The piccolo oboe, also known as the piccoloboe and historically called an oboe musette (or just musette), is the smallest and highest pitched member of the oboe family. Pitched in E♭ or F above the regular oboe (i.e. notated a minor third or perfect fourth lower than sounding), the piccolo oboe is a sopranino version of the oboe, comparable to the E♭ clarinet.
Piccolo oboes are produced by the French makers F. Lorée (pitched in F) and Marigaux (pitched in Eb), as well as the Italian firm Fratelli Patricola (pitched in E-flat). Lorée calls its instrument piccolo oboe or oboe musette (in F), while Marigaux and Patricola call their instruments simply oboe musette. As of 2018 , a new instrument typically sold for US$9,000.
The instrument has found the most use in chamber and contemporary music, where it is valued for its unusual tone colour. It is also employed in double-reed ensembles such as Amoris, and in film scoring. Perhaps the best-known pieces requiring piccolo oboe are Solo for Oboe Instruments (1971) and Concerto for Oboe and Orchestra No. 2, both by Bruno Maderna, Vérifications by Samuel Andreyev, and Ar-Loth (1967) by Paolo Renosto.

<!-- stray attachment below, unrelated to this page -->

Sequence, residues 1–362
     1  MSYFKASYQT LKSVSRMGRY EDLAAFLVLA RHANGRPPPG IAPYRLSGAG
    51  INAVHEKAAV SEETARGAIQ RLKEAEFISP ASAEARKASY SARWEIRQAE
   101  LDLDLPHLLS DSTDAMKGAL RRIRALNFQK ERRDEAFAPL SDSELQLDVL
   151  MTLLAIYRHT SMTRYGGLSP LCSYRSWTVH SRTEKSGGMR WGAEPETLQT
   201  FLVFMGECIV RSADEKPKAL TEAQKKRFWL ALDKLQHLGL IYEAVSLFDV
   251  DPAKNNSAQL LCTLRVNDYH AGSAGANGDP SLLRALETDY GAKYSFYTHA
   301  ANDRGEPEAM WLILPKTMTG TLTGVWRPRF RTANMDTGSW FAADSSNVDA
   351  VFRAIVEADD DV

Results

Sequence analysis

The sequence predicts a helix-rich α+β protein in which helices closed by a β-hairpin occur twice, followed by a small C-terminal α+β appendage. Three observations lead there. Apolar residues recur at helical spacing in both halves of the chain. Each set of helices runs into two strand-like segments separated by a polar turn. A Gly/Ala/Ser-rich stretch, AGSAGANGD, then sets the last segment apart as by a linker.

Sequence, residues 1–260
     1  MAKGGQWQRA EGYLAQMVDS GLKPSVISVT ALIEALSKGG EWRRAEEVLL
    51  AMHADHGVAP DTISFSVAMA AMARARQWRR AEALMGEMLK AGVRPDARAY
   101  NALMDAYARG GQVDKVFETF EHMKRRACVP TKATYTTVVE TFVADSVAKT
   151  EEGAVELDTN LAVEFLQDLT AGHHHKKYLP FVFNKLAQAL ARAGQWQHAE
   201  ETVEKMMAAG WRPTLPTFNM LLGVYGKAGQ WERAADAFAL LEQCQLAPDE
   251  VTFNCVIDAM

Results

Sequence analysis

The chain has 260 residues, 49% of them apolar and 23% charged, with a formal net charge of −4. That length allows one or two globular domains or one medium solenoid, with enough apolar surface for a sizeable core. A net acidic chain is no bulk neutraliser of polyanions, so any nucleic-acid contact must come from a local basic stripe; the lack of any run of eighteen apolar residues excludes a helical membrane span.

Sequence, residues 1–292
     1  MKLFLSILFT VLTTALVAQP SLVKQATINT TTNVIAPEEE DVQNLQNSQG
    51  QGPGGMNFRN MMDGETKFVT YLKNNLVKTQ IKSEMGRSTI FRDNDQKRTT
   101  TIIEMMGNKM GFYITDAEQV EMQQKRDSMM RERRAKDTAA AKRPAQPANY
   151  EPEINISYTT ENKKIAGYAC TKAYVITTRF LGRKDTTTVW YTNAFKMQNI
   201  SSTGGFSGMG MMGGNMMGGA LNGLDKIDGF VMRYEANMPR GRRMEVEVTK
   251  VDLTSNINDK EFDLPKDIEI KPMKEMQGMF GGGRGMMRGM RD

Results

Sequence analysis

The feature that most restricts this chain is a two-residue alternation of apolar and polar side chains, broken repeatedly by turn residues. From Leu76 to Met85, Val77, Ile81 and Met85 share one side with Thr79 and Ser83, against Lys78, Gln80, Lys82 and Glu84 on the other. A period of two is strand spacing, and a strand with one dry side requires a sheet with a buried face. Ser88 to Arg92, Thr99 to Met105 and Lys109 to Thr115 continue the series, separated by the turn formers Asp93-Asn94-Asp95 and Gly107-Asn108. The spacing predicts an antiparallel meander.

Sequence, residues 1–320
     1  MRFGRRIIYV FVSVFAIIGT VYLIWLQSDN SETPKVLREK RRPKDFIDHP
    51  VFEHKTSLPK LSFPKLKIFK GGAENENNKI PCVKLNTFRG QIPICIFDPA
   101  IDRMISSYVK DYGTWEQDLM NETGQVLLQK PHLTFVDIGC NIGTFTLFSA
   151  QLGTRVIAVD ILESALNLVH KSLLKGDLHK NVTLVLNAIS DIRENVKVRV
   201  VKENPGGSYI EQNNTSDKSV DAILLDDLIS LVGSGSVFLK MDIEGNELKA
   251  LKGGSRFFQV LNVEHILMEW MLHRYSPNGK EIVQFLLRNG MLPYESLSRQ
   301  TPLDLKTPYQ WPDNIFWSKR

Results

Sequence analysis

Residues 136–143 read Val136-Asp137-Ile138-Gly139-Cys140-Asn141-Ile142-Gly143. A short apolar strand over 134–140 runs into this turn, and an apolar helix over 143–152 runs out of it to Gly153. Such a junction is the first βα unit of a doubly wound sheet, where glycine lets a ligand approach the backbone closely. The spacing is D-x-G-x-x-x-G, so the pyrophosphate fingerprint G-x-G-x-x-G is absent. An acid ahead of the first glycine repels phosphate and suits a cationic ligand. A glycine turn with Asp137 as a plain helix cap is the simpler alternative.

Other contemporary works for the instrument are Scherzo Furioso by William Blezard, Tasmanian Ants by Ian Keith Harris, Iberian Improvisations and Bailables by Leonard Salzedo, Variations on a Sicilian Shepherd Tune by Clive Strutt.
Two concerti have been written featuring the piccolo oboe in addition to the other four members of the oboe family, these works being David Stock's "Oborama" and James Stephenson's "Rituals and Dances," both written for Alex Klein.